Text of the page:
Este informe no está disponible en español.
Ashford Presbyterian Community Hospital looks to future with new $40 million building
By LORRAINE BLASOR
April 7, 2005
Ashford Presbyterian Community Hospital, whose solid roots in the past have shaped a prosperous present, is now looking to the future.
"Right now, we are focusing on the development of a new hospital," Executive Director Pedro J. González revealed in a recent interview. The building, to be completed by 2010 at a cost of $40 million, will take up an undeveloped 1.5-acre parcel on the four-acre plot "El Presby" occupies in the heart of Condado.
Management believes its current financial position is strong enough to embark on such an ambitious project. González said the hospital expects to close its current fiscal year, which runs from July 1, 2004 through June 30, 2005, with revenues of $52 million, compared with $49 million the previous year. Presbyterian ranked No. 143 in the Nov. 4, 2004 CARIBBEAN BUSINESS list of the Top 400 locally owned companies.
González said the go-ahead for the project followed a re-evaluation of a $12 million expansion announced last year that called for the construction of a new wing. Based on the increasing demand for its services, management decided to scratch that plan and instead go with the new structure, which is currently in the design phase.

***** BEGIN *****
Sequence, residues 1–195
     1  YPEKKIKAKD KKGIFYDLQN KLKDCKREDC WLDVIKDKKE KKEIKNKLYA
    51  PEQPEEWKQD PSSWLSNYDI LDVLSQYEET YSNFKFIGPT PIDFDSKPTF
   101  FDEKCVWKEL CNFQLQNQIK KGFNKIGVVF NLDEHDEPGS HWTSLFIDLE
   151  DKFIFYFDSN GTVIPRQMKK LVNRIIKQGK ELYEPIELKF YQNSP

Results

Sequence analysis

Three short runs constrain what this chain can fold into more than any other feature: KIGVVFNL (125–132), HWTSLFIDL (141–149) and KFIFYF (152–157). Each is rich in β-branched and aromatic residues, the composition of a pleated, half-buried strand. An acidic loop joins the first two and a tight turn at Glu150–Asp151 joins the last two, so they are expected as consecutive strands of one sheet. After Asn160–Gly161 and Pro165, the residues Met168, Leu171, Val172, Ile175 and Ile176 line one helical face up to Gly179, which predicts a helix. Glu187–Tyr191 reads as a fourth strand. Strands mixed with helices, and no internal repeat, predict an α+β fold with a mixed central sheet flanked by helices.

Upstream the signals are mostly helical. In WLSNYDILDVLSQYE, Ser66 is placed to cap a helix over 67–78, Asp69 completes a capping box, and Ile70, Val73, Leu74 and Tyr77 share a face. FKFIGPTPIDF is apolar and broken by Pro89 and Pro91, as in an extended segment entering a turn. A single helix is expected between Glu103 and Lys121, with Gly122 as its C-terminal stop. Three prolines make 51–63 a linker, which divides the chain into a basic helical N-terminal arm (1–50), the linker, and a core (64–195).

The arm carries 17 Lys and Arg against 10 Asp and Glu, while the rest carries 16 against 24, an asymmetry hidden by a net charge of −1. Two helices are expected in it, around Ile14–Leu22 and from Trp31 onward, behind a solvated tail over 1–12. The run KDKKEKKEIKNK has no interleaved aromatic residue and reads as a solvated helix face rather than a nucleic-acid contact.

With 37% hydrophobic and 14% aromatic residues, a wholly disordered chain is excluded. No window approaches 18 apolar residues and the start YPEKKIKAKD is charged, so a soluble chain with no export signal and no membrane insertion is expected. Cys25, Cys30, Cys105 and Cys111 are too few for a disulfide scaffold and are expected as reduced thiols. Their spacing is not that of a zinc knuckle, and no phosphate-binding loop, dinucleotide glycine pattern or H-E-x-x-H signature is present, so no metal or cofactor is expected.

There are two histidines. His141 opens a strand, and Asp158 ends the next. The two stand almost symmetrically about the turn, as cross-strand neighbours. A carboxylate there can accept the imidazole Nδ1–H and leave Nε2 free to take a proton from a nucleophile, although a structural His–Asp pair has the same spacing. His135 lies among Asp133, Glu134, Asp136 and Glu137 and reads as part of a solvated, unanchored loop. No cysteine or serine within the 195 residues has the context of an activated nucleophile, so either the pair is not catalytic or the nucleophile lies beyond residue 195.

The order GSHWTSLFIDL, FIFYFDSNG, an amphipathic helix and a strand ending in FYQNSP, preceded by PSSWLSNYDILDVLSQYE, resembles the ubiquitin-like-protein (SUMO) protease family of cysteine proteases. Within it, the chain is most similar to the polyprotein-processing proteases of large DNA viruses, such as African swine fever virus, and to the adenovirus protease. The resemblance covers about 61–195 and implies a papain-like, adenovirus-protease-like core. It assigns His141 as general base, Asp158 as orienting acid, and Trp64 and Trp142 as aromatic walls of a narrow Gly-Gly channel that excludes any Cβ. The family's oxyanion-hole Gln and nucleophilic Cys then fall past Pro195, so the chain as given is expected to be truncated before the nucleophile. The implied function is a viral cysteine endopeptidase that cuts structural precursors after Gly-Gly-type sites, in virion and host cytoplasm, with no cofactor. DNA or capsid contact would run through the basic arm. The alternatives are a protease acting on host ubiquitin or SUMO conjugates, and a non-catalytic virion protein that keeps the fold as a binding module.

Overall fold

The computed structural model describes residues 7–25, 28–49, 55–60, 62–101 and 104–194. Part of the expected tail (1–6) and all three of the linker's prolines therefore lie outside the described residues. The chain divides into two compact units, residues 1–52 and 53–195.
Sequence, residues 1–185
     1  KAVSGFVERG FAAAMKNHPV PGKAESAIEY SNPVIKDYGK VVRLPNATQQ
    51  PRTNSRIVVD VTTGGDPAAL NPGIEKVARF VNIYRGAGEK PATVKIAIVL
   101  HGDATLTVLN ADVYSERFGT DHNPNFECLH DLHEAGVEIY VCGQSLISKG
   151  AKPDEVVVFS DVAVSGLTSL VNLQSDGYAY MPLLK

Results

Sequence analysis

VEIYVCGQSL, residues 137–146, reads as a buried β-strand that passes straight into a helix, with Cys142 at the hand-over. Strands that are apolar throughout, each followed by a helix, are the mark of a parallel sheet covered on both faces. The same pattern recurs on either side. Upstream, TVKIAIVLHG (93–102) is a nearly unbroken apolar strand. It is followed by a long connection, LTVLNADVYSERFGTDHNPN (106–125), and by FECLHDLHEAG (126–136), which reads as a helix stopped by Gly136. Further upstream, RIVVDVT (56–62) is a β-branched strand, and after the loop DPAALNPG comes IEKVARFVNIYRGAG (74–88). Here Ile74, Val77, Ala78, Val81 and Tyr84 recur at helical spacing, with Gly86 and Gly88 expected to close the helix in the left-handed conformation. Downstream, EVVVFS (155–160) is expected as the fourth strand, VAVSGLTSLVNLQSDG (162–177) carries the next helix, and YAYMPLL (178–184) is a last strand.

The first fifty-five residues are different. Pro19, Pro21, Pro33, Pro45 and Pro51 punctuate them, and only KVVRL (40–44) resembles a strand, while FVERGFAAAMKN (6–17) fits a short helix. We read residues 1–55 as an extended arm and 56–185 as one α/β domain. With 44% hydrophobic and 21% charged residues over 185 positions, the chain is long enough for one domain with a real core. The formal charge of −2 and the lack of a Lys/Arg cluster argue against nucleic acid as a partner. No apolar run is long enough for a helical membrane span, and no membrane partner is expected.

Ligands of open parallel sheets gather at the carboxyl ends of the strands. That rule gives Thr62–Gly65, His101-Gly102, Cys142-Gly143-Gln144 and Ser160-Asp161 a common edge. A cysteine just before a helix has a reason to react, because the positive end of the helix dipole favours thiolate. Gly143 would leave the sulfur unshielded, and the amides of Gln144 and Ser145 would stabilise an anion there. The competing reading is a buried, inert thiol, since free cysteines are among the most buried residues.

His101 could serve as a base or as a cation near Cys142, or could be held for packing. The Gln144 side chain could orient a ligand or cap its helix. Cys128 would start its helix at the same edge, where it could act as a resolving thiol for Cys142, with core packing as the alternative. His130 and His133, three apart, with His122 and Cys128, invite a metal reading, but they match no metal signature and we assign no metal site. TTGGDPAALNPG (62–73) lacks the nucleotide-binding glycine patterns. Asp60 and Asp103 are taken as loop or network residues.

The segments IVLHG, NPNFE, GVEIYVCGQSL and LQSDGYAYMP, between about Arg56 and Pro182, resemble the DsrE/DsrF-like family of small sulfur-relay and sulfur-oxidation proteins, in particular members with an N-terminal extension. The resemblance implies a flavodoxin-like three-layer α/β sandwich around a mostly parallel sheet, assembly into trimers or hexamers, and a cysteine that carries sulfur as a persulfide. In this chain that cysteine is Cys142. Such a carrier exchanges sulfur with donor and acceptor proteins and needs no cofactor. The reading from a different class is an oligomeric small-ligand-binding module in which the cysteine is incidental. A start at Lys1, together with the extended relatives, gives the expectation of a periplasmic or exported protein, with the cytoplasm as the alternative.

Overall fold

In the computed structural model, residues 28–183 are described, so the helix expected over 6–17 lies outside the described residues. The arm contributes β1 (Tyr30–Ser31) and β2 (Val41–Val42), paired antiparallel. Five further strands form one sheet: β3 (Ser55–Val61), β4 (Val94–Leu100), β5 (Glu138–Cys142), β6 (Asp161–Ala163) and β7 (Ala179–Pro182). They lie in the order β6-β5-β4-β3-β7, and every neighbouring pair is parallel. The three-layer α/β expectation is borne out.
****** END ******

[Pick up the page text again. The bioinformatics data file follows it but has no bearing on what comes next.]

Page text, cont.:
Ramón Morales of Fernando Irizarry Architects PSC, the architectural firm under contract with the hospital, said the new building is likely to be a five-to-six story structure that will probably house surgery and delivery rooms currently located in other sections of the hospital complex. The design phase, he said, should take about a year and a half to two years with construction likely to start in 2007. The new hospital will boost Presbyterians total number of beds from the present 207 to 275 or 300.
In tandem with its expansion plans, Presbyterian is laying out $5 million this year for the purchase of new equipment, possibly the "highest investment in equipment that we have made in recent years," said González. The hospital also is in the process of soliciting a permit for magnetic resonance imaging equipment that will represent an additional investment of $1.5 million.
Equipment purchases include a $500,000 gamma camera for the diagnostic detection of cardiac disease and cancer and a new computerized tomography scanner worth $800,000. In use already is an innovative lithotriptor unit used in eliminating urinary track stones that would otherwise require invasive surgery. González said this method of using shock waves to eliminate stones was already available in Puerto Rico, but this is a different kind of machine. Its cost was $200,000.
Since these investments are expected to increase traffic, the forthcoming expansion will give the hospital a greater capacity to meet the added influx of patients resulting from new and improved services. The new facility also will enable Presbyterian to address what it considers its greatest future challenge, which is to serve the needs of the islands aging population. People in Puerto Rico are getting older and living longer.
By 2010, more than 40% of patients will be covered by Medicare, compared with the current 33%. "We want to be able to attend to the needs of a baby, but also those of a population segment that is growing older," González said.